“We never outlive our need or capacity to be useful.”

—Richard Watts

How important do you think love and connection are to your vitality? Imagine if your doctor gave you a prescription for good health as simple as, “Surround yourself with people you love. Make new friendships. Keep old friendships. Be sure to make time for family and those you love.”

Research shows that it may actually be that simple, in fact. Relationships and your level of connectivity have a direct correlation to your longevity. Relationships are paramount to a well-lived life. People who are active in their community make new friends more easily and feel valued. Richard Watts, a retired minister, once said these words of truth, “We never outlive our need or capacity to be useful.” Warm and loving relationships are vital to our physical and mental wellbeing. We become happier and live longer by loving and being loved. Humans are social creatures and we benefit from positive interaction with people of all ages.

Loneliness is Bad for Your Health

Diet and exercise may be good for your health to a certain extent. Loneliness, on the other hand, can take you down to depths of depression and illness. Without social interaction, the body suffers from chronic inflammation, which spirals a person down further. Inflammation can make a person feel poorly, resulting in more reasons for withdrawal from social circumstances. Loneliness, therefore, compromises health and creates further isolation from the benefits of community.

Stronger relationships can build our immune system, making us less likely to suffer from colds, flu or chronic illnesses such as high blood pressure and cardiovascular disease. Researchers believe that personal connection is the antidote to the damaging effect of loneliness. Whether you are the loving caregiver or the recipient of loving care, your body is able to reap the benefits of the release of hormones that counteract stress and inflammation.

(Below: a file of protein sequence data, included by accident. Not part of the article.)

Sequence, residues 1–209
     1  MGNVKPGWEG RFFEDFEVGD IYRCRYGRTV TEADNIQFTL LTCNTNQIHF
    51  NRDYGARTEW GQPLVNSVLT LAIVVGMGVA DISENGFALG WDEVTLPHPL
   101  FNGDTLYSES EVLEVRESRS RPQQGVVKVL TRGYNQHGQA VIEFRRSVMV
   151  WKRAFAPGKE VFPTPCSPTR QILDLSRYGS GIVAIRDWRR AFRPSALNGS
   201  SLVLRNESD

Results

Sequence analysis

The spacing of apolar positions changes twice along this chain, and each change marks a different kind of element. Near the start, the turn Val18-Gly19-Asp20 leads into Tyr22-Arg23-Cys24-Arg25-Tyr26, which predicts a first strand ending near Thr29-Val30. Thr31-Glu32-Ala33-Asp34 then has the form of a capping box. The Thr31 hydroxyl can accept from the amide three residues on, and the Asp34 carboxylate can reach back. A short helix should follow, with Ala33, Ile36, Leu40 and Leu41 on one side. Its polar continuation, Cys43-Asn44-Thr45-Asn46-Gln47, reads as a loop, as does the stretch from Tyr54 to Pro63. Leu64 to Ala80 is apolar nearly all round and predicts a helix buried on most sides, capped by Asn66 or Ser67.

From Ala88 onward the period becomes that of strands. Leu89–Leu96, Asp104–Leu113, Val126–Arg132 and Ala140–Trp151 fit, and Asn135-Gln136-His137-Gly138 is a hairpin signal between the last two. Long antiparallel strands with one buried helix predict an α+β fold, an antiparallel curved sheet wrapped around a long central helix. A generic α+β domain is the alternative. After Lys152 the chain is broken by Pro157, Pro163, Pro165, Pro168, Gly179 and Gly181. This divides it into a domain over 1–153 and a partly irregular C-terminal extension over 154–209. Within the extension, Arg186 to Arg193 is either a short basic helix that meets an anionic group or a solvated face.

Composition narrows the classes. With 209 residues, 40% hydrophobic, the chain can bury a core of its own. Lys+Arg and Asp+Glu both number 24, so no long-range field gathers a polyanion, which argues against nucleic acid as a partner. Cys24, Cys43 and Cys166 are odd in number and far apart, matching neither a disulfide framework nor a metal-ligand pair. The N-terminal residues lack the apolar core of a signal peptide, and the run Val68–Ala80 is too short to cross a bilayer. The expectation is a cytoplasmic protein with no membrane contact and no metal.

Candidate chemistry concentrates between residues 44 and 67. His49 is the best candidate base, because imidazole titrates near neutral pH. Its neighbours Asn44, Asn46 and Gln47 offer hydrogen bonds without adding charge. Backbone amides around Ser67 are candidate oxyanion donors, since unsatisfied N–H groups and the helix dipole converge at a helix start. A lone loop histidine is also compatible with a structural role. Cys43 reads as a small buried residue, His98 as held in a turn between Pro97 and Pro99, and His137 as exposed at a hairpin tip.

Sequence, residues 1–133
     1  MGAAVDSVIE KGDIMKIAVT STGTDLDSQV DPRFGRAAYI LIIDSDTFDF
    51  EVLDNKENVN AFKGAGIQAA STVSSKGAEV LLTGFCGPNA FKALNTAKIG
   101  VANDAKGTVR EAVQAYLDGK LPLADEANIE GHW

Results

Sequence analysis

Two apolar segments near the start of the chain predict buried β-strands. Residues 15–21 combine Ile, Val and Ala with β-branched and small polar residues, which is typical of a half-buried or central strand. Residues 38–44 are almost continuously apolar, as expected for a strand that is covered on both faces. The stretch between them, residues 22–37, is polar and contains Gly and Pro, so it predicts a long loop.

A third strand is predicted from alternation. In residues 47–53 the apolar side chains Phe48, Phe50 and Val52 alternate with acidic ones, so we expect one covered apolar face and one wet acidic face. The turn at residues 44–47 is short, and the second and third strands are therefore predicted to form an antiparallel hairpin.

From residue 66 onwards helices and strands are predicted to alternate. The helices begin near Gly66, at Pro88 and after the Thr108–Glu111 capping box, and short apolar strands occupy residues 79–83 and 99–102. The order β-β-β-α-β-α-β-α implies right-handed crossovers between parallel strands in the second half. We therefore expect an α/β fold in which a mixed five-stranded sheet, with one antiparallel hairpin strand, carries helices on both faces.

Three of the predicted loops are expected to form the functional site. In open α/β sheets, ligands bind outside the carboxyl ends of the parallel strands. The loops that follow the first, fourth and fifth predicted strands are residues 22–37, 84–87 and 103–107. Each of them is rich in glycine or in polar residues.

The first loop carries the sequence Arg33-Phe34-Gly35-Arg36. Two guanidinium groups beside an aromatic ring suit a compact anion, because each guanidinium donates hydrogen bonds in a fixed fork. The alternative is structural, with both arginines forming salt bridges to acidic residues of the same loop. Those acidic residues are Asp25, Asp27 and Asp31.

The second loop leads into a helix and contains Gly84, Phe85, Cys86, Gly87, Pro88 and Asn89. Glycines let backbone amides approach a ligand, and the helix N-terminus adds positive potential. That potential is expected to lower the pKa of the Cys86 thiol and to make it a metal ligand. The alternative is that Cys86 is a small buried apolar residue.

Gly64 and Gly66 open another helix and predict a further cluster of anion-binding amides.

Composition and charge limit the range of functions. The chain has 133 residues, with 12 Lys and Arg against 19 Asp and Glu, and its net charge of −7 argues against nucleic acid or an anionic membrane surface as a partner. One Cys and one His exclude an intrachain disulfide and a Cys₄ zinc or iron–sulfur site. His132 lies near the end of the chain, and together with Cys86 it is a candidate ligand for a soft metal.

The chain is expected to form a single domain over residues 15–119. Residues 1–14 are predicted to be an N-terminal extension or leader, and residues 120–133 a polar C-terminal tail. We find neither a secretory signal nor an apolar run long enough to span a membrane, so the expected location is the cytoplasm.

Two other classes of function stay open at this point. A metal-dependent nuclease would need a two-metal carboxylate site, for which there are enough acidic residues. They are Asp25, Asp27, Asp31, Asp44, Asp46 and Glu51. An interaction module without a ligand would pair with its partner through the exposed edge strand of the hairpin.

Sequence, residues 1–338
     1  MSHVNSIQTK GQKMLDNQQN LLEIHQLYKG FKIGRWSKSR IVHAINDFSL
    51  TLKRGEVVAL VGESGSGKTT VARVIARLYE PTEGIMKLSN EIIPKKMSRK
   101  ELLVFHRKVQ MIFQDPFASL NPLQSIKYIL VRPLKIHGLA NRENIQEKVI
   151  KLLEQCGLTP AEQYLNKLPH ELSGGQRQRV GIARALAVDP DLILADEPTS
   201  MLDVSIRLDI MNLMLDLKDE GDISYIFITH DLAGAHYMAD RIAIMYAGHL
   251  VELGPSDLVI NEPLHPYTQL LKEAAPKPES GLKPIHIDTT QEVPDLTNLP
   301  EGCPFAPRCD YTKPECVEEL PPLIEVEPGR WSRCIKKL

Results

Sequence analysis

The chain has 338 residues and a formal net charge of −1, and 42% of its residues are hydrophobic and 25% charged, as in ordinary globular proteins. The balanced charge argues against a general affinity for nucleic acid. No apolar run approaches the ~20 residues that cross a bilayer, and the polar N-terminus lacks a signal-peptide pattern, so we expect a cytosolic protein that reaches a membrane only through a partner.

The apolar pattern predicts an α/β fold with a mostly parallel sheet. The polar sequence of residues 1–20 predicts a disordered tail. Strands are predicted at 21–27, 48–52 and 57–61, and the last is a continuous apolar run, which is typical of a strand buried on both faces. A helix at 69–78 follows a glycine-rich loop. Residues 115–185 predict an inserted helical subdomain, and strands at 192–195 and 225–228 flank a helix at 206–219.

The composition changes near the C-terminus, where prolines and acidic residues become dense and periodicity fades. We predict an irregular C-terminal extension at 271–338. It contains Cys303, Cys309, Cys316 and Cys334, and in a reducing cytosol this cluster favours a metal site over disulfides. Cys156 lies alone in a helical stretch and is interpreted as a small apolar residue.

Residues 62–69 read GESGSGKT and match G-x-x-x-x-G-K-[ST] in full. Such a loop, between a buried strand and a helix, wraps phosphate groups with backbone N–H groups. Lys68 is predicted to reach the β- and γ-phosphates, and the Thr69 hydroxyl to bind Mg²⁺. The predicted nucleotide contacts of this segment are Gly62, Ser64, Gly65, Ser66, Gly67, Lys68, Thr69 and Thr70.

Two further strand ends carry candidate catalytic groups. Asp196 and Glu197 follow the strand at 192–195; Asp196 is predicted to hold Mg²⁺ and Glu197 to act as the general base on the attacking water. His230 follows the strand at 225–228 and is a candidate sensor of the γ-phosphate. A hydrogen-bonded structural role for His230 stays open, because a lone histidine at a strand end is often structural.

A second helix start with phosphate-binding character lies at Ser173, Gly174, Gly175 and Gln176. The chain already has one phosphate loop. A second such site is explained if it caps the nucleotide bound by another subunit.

Social Activity Creates Wellbeing

Just like other social creatures, we are not meant to live alone. We eat healthier and stay more active when we surround ourselves with other people. People tend to take better care of themselves when they have activities to look forward to. When our friends are active, our desire to be with them helps us to have increased activity, too. Healthy habits are easier to implement when we have a connection to a group. A sense of purpose and future helps us to keep a positive and bright outlook. Having a calendar with events to look forward to and a strong network of loved ones protects brain and body.

Social Interaction Benefits the Brain, Too

We can protect our brains by keeping close relationships, too. Research continues to affirm that social interaction is influential to brain health. Talking with others keeps us thinking clearly. Conversations keep us sharp. We have to think more when we interact with others. It challenges us to remember details and learn new things.

Amen Clinics, founded by Dr. Daniel Amen, a noted author, psychiatrist and brain disorder specialist, teach people the importance of improving relationships in order to have good brain health (https://www.amenclinics.com/blog/7-secrets-improving-relationships/). Quality of relationships matter. People with happy marriages live longer, happier lives, but even if you aren’t married, or have lost your partner, you can proactively create close connections to others by initiating phone calls and regular in-person interactions.